Green Square Parking Deck, Raleigh’s Free Observatory

Raleigh's downtown as seen from the parking lot's upper floor

photography by: Omri Westmark

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In a country where cars are almost always the default mean of transportation for the vast majority of people, parking occupies a significant portion of the urban space across many US cities. While the storage of private vehicles often entails the degradation of the surrounding streets, Raleigh’s Green Square Parking Deck offers a strikingly different experience, bestowed with stunning panoramic vistas and environmentally-friendly design.

The capital and second largest city in North Carolina, Raleigh is a major economic and cultural center, and as such, attracts a large number of commuters and visitors each day. As the city lacks any metro system, the traffic in and out of the downtown area is mostly vehicular. The incessant influx of cars is in turn translated to a hefty percentage of city center being allocated to parking.


In contrary to its uninspiring counterparts throughout Raleigh’s Downtown, the Green Square Parking Deck at the intersection of W Edenton and N McDowell streets is far more than simply a dull parking lot. Completed in 2011, the 9-story facility was built as part of a larger complex which also includes an office building as well as a nature museum, whereas its 25,300 square meters of parking space can accommodate about 900 vehicles.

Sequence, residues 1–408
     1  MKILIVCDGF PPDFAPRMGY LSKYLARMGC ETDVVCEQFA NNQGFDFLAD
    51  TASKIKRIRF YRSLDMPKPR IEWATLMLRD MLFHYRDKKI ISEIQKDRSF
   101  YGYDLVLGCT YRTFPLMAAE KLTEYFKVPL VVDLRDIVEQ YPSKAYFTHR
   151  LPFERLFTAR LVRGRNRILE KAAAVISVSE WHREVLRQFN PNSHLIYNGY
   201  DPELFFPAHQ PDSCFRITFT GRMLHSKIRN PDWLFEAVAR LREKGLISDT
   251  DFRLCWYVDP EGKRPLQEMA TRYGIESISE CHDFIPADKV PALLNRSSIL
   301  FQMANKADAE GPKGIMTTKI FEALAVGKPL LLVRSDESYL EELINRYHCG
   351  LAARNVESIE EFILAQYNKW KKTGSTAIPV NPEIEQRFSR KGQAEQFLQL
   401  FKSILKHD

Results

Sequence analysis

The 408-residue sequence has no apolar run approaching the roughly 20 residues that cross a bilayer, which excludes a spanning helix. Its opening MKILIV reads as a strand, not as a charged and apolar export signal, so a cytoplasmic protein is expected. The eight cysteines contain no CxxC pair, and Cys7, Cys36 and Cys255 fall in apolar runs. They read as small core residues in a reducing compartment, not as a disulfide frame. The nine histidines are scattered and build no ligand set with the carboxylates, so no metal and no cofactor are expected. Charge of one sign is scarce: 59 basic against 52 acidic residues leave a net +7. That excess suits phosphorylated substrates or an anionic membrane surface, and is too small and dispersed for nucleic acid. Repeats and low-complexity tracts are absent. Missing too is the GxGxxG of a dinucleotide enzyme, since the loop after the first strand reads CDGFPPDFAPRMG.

Interestingly, alongside its utilitarian duties, the Green Square Parking Deck was meticulously designed as an interesting object, featuring a series of green architectural elements. Running along the bulk of the structure’s façade are dozens of slender vertical beams known as fins. Besides mitigating what would otherwise be an eyesore, the blades provide a protection from the occasional harsh weather conditions.


To make things even better, the parking lot makes a smart use of its environment by serving as a mini power plant and a water reservoir. A small solar farm atop its upper beams is connected directly to the local power grid, supplying more than 3,000 households with green electricity. Additionally, a large-scale cistern that sits vertically across the parking levels collects a substantial amount of rainwater that is used for irrigating state-owned tracts.


Whilst the building’s aforementioned virtues are definitely impressive, they are by no means what makes this parking facility a truly worthy place to visit, as its most appealing aspect is undoubtedly the spectacular and free of charge views of Raleigh’s skyline from the eighth floor, dominated by the Two Hannover Square and the Wells Fargo Capitol Center.